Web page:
Due to the crisis brought by this pandemic, many businesses need to change their processes, culture and various aspects of their business model…FAST. This is all related to change management. But if your required changes are not well managed and for example, you try to sell people on decisions that were made without their input and with which they may not agree, then your change will fall flat on its face.
The root problem is in many instances not in managing change itself, but generating organisational alignment around objectives, strategy, tools and methods i.e. corporate governance – the continuous practice that generates better decisions, more alignment with company’s priorities and more buy-in from stakeholders. So Change Management and Corporate Governance are linked – while Change Management focuses on “who” and “how”, Corporate Governance adds the “what” and the “why”.
So believe me when I tell you that implementing any change in a business without having an effective corporate governance structure is a recipe for disaster. It ends up creating a multitude of confusion about who is in charge of what, political in-fighting and back-tracking on decisions made. People will fail to take action if they are unclear about who is authorised to make decisions, or who should be getting informed about key issues.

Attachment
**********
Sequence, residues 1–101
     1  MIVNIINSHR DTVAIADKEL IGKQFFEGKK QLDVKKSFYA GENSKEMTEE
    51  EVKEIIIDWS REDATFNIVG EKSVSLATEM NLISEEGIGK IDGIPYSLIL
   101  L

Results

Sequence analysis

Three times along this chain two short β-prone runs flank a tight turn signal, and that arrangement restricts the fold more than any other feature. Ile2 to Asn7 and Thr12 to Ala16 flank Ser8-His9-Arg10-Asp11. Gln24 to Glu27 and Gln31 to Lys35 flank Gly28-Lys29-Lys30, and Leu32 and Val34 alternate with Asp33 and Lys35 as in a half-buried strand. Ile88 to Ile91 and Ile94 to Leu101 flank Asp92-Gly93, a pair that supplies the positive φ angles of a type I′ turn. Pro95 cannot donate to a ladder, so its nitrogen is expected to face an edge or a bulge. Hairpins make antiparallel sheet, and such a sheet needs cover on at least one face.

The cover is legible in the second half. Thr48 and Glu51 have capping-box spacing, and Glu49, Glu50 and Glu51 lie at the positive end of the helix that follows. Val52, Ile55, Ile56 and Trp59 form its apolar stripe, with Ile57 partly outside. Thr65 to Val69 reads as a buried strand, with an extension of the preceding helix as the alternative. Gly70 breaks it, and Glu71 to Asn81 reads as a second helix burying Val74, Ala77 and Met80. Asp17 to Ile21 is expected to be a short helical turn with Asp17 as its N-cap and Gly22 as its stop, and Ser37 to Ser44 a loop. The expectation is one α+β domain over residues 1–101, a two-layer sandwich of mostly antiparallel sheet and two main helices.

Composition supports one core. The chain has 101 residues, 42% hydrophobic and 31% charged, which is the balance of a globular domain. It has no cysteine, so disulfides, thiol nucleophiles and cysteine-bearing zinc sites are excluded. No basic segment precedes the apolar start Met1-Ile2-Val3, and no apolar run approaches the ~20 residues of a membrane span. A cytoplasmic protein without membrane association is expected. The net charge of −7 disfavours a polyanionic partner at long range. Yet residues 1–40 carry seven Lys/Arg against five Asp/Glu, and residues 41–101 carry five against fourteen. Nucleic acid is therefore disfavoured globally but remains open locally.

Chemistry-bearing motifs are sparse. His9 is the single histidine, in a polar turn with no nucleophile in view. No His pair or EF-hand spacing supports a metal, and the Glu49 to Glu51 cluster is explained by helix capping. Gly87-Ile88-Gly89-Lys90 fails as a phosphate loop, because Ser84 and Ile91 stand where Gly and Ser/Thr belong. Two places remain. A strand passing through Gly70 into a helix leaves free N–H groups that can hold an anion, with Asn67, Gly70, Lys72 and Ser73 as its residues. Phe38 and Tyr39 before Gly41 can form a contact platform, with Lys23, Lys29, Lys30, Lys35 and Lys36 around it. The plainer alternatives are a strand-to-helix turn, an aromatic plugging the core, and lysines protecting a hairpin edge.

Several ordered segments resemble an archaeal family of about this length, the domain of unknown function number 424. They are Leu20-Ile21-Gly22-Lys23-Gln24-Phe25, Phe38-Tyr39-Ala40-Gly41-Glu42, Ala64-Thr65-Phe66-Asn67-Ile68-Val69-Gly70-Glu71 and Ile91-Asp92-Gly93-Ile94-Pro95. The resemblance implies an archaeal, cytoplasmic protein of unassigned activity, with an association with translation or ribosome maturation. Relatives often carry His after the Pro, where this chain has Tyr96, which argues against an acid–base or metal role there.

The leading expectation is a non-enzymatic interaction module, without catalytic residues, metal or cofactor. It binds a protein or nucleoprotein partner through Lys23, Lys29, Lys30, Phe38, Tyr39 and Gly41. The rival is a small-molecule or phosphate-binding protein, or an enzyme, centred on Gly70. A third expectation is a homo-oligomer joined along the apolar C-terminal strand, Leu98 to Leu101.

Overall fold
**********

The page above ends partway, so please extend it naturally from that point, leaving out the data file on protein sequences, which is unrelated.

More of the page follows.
For any change to stand a chance of making to the finish line it needs good change governance. But how will this be possible if the business does not have any normal corporate governance structure and a professional culture to support it?
So my advice is simple. Do not attempt to jump the gun. Do not attempt to make radical changes in your business, as you are faced by various important external pressures, without first sorting your corporate governance issues. It will be wasted energy to do otherwise.
Actually, few realise, that implementing a proper corporate governance structure in a business that has none or a very weak one, is a whole change management project in itself. Such a change will likely end up bringing the changes you wanted to implement in the first place, but backed up by a whole structure to support and implement the changes, rather than stir confusion.